Like Mike Fieleke, Bob Waldinger is the resident teacher of a zendo in Newton, the Henry David Thoreau Sangha (“affectionately known as ‘Hank’”).
He came to Zen relatively late in life. He was in his 50s. “I had been interested in meditation since I was in my 30s because someone I did my psychological training with casually said one day that she and her partner had spent a weekend doing a silent retreat. And I said, ‘You mean, you didn’t say anything?’ I couldn’t imagine spending time with my girl friend being quiet. So I think she recommended Wherever You Go, There You Are, the Jon Kabat-Zinn book, and I read it and was really drawn to basic Buddhist philosophy. The idea of impermanence resonated so much because since I was a teenager at least, reading some of the poets like Yeats, I realized that I was worried about all this stuff that didn’t matter, and that all these ideas about what we were supposed to achieve and what people were supposed to accomplish had this kind of absurdity about it because it was all going to pass away. And that really struck me deeply as an adolescent, but I didn’t have any way to talk about it, and nobody else was seeming to think that way. So I did all these very achievement-oriented things, but all the while kept thinking, ‘There’s a part of this that’s completely made up and absurd.’ Traditional religion hadn’t worked for me. I was raised Jewish, and – like – I would be in services with my family and wanted to stop the action and go up front and say, ‘Okay, raise your hands. How many of you really believe this stuff?’ Of course I could never do that. So there were these ways in which I was hungry for a spiritual practice and a way to make sense of the world.”
He dabbled in various meditation traditions for a while before meeting James Ford. “My son’s friend in middle school had a coming-of-age ceremony at the Unitarian Church where James was the minister. And I sat next to the friend’s mom, and she knew I’d been interested in meditation; she pointed to James and said, ‘You know, he’s a Zen master.’ So I emailed him and asked if I could come see him, and he said, ‘Sure.’ So one weekday morning I went to his office, and it was just a total mess, and he came in with his shirt-buttons wrong and – you know – was just James. And was very down to Earth. And I thought, ‘Oh, I could probably learn from this guy.’ One of the first things James said to me was, ‘We do scruffy Zen.’”
Bob accepted an invitation to try sitting with the group that James was running at his church. “And I went up to him afterwards, and I said, ‘You know, I was really uncomfortable with all the bowing and the chanting.’ And, of course, being James, he said, ‘Good!’ And that was sort of a dare to come back, so I came back, and . . .” He shrugs. “I drank the Kool-Aid.”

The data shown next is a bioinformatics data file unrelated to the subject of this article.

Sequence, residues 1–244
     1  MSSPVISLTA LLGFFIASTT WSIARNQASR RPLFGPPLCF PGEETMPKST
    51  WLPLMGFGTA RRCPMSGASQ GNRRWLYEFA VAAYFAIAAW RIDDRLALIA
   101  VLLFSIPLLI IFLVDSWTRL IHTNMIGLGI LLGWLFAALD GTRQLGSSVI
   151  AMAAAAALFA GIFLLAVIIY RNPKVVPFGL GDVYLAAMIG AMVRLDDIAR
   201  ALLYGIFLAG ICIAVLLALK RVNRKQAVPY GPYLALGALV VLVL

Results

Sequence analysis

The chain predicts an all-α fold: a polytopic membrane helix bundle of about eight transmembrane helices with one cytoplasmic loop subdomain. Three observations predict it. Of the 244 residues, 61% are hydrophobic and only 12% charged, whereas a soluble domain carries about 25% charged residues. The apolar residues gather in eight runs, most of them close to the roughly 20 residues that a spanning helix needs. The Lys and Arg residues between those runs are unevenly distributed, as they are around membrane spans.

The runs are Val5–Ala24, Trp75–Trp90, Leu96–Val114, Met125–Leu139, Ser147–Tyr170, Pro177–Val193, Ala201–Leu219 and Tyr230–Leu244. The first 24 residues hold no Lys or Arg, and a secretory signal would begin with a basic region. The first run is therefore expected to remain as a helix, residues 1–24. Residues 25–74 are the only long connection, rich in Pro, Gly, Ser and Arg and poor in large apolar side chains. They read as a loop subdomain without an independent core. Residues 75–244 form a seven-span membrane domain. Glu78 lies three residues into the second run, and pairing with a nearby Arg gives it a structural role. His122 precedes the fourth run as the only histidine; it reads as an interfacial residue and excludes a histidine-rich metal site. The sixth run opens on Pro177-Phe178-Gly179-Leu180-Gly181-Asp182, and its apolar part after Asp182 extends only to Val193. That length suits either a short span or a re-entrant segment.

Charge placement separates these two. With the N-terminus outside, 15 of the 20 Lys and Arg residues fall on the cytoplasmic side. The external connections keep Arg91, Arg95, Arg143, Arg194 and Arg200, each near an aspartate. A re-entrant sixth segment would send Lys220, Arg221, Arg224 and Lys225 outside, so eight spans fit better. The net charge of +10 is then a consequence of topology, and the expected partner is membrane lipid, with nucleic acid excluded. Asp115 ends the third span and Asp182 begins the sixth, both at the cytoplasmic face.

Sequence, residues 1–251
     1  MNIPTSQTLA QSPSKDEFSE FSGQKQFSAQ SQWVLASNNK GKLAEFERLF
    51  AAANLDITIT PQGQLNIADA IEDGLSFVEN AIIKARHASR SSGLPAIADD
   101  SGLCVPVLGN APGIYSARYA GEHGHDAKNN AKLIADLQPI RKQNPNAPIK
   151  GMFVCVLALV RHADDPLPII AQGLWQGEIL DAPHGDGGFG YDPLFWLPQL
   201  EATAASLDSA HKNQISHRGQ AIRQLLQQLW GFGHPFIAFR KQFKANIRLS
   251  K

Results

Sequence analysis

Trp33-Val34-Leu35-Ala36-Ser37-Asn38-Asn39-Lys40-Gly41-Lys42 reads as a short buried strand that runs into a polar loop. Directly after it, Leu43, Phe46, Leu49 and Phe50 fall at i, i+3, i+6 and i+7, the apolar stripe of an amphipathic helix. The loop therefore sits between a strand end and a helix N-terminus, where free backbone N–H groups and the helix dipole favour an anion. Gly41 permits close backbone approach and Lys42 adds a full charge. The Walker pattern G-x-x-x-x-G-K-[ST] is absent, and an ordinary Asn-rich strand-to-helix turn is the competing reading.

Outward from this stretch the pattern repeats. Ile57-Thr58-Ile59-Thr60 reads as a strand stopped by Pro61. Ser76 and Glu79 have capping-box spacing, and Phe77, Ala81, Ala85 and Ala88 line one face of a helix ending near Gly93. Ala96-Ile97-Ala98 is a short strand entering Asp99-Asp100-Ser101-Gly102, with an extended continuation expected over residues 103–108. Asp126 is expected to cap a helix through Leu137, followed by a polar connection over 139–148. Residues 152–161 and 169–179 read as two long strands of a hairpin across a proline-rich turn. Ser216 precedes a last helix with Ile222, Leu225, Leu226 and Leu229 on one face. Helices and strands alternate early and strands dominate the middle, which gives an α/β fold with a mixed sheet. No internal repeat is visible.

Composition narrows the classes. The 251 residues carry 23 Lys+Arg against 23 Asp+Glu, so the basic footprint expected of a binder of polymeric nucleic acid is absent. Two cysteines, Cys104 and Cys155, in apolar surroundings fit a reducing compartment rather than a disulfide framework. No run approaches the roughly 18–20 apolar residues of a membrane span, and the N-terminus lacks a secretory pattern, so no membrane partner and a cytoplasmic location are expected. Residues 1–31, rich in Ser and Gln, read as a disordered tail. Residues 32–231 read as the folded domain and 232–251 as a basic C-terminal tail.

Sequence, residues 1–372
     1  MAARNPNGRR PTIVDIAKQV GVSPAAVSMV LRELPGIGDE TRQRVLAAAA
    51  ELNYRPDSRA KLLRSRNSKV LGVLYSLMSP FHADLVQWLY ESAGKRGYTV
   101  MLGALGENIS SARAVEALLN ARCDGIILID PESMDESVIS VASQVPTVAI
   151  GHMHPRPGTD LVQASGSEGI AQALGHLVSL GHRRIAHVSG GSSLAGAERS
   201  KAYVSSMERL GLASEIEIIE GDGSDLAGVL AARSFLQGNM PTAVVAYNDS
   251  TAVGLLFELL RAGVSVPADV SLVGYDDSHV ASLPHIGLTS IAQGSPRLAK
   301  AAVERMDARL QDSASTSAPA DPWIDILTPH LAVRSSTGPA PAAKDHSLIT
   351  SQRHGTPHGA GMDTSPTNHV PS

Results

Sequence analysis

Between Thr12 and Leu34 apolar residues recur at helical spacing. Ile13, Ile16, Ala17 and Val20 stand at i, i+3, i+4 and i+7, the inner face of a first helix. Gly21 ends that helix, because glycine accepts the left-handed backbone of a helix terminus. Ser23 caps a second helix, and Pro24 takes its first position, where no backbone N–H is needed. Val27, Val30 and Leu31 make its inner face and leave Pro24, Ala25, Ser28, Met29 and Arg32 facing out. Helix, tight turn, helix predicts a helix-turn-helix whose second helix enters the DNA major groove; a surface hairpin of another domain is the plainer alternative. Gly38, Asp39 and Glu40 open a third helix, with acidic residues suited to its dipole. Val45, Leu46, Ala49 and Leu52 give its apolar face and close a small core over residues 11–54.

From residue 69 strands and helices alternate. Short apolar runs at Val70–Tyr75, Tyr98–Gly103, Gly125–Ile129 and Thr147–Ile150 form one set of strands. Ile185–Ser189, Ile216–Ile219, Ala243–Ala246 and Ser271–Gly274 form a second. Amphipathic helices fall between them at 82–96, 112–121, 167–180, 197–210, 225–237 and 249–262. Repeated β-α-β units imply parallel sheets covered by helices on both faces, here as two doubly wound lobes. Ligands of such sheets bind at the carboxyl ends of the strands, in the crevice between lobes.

“As long as you recognized it’s Kool-Aid,” I say.
“Well, that was actually one of the most helpful things. The Zen I know doesn’t present itself as anything but Kool-Aid that eventually you’ll put down.”
“If someone had asked you – perhaps one of your colleagues who was wondering if you were going off the deep end . . .” He nods his head, grinning broadly. “Oh!” I say. That’s already happened has it?”
“Yeah, so I worked at Harvard Medical School, which is one of the most conservative institutions on the planet, and some of my friends were quite interested. Actually some of my psychoanalyst friends were really interested, because psychoanalysis is about watching the mind as well in a different way, with different frames. So they were interested. Other people were kind of polite. You know there’s that, ‘Oh?’ And my wife was worried that it was a cult perhaps. And I said to her, ‘If I never went back to this Monday night sitting group, no one would even call, no one would know. That’s not what it is.’”
His university office is now decorated with Buddha figures, photos of his teachers, and a picture of Guanyin. “So now I’m really out.” And when he returns after taking time off work to attend sesshin, his colleagues will inquire how it went. “They’ll ask, ‘Was it really relaxing?’ And I say, ‘No, it was intense. Good. But not relaxing.’ I tell them it’s not about relaxation. It’s not about self-improvement. It’s about a radical understanding of the self in the world and what it means to be alive. That’s the elevator speech.
“The structure of Zen works for me, these frequent interviews with teachers are important because I tend to get discouraged. Doubt is a big part of my experience. So I would sit there and think, ‘What the hell am I doing? I might just as well be phoning this meditation in.’ And so it’s really helpful to have another human being working to remind me what this is. So I found that structure helpful. And when Zen talks about ‘already Buddha’ – you know? – what the hell is that? And that seemed to me to be really important and much more . . . um . . . both surprising and real than what I understand from some of my friends in other traditions. Well, they eventually deconstruct all these levels. But most of us never get to that point. Most people don’t get far enough along the path to deconstruct the various levels. What I like about Zen is it keeps knocking you back down and saying, ‘We’re going to deconstruct it moment to moment.’”
The Story of Zen: 389-95, 425
Zen Conversations: 9; 21; 43-44; 58; 87